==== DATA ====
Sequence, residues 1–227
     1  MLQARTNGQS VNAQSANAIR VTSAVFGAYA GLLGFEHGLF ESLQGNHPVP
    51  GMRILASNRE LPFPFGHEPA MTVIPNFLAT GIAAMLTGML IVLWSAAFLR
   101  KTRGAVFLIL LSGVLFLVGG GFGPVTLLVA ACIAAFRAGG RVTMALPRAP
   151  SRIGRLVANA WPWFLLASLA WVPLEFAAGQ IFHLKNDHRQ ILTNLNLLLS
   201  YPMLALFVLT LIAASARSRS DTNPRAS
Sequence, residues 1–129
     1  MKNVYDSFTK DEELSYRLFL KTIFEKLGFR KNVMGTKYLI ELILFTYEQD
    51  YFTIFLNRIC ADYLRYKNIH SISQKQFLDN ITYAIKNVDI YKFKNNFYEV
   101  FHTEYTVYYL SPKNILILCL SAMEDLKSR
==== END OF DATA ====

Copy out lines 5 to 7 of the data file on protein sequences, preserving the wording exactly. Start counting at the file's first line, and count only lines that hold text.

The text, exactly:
   151  SRIGRLVANA WPWFLLASLA WVPLEFAAGQ IFHLKNDHRQ ILTNLNLLLS
   201  YPMLALFVLT LIAASARSRS DTNPRAS
Sequence, residues 1–129